Sunday, March 9, 2014

Book Review: The Playdate

This was one of those psychological thrillers where the ground you're standing on continues to shift until the truth is finally revealed. Many Amazon reviewers gave it four and five stars, but I wasn't as impressed with it. It was an easy read, but the characters were hard to get behind. They shifted from good to bad and bad to good and were, in some cases, just weird. The premise was a good one: what if something were to happen to your child while on a playdate? (The hook on the cover: "You leave your kids with a friend. Everyone does it. Until the day it goes wrong.") The story was interesting, but in the end, the book was just okay.

Callie has a hard time making friends in her London neighborhood. The other mothers all seem to snub her, apart from one sort-of close friend. She's not really very close. Callie can tell the relationship is more one of convenience than true soul-sharing, but she continues to rely on her friend, Suzy, nonetheless. Suzy has a dashing, successful husband and three boys and wants to spend their newly established free time (because Callie's daughter, Rae, and Suzy's oldest son, Henry, are both in kindergarten and Suzy's younger twins are finally in nursery school) doing things together. Sadly, Callie is feeling the need to pull away and actually return to work, now that Rae is more established in school and her heart problems seem to be abating. Callie's return to work isn't going smoothly, but Suzy makes it clear that she is more than willing to help out getting Rae out of after-school care whenever Callie has to work late.

Spoiler alert: Here's where the story began to get more confusing. Callie calls Suzy to ask her to pick Rae up because she has to work late. Instead, Suzy asks the strange neighbor, Debs, (who has some mysterious background and hyper-alert sensitivities to noise) to walk the girl home because Debs is a teacher at the after-school care program. While on the walk home, the girl falls into the street in front of an oncoming cyclist. This is somehow a highly serious accident, despite it only being a scratch, because of her heart condition, although it turns out to be fine (and at this point, I'm wondering why the book is titled "The Playdate" when the incident happens on a trip home). Suddenly, suspicions focus more on Debs, but then it turns out it is Suzy who isn't really what she appears to be. In fact, all of the characters begin to shape-shift. It turns out that Debs is really just a concerned by-stander who is being tormented and set-up by Suzy, who ends up being the key nut-job. Callie's daughter, Rae, is revealed to be the product of an affair with Suzy's husband, Jez. Callie's ex-husband, Tom, who has seemed to be a bad guy, turns up with a renewed desire to protect Callie and Rae. Suzy takes Rae from a play-date (hence, the title, finally) with another little girl, Hannah, and attempts to kill her in a car accident while she is driving. Say what??? Really, it was all a bit too much to take in and seemed too sensational, as if the writer was just trying to come up with the key shock factors.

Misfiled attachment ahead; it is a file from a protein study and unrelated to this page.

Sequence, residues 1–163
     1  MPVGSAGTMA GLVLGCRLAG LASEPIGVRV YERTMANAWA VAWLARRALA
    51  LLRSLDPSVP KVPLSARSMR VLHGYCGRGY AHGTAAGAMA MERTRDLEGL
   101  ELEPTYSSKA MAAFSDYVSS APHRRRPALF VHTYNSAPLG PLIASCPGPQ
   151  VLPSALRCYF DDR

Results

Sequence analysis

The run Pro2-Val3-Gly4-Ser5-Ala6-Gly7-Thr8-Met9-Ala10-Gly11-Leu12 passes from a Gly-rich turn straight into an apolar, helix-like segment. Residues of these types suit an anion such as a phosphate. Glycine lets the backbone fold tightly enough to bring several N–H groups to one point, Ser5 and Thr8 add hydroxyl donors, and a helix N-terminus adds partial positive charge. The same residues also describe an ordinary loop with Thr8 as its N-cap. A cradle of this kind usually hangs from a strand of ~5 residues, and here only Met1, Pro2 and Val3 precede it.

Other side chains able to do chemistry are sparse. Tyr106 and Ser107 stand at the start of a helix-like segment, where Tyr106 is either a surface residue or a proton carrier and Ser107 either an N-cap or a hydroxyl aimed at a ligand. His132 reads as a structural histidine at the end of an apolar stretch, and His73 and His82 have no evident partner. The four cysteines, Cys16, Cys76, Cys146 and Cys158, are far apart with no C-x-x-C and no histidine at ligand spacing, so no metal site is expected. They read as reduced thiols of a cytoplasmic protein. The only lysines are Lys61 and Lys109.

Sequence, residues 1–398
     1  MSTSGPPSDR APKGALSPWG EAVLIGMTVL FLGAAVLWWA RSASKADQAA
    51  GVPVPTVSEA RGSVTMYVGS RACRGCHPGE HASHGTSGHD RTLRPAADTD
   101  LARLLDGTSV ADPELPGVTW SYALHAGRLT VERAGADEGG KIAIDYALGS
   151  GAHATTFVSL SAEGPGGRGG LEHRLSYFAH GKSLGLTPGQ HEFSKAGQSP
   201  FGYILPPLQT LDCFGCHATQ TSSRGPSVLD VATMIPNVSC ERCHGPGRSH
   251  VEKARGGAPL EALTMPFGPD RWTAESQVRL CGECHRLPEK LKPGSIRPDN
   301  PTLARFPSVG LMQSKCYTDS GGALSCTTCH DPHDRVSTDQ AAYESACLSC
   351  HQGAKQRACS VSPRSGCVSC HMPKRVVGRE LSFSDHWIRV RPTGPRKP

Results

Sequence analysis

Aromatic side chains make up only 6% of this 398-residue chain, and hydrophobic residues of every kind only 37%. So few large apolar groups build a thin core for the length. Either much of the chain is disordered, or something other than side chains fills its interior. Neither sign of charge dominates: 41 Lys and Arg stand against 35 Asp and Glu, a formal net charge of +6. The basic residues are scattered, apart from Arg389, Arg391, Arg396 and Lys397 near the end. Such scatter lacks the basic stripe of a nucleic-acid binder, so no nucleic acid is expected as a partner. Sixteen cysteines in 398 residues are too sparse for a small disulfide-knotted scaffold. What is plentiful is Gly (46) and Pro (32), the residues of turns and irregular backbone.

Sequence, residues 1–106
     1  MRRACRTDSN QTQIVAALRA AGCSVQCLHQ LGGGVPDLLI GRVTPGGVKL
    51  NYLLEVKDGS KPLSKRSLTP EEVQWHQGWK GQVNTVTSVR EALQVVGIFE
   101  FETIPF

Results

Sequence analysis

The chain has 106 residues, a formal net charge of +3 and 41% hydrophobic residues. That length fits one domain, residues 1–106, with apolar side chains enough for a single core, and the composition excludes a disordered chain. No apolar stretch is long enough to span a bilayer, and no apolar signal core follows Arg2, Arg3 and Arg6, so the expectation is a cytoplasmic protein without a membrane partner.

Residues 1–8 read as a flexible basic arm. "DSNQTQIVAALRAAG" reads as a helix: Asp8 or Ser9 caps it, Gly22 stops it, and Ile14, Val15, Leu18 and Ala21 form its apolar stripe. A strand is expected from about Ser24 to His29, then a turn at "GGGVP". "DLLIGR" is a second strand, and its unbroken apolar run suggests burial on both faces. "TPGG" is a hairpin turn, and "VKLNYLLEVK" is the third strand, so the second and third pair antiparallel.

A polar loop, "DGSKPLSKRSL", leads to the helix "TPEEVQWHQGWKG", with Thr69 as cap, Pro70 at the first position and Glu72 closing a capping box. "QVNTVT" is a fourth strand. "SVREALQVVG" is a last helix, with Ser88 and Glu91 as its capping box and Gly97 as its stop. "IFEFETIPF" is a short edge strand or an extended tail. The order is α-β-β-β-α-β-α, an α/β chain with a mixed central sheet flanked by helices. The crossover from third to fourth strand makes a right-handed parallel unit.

I think the author was successful in presenting the story by interweaving the narration from three perspectives (Callie's chapters told in first person, and Debs' and Suzy's chapters told in third-person). I also think her writing was smooth and easy to follow. The plotting was good. But, in the end, the characters shifted too much for me. Somehow I felt like I, as a reader, was being manipulated. Still, for a first novel, I'd say Millar did an outstanding job and has great potential for future psychological thrillers.

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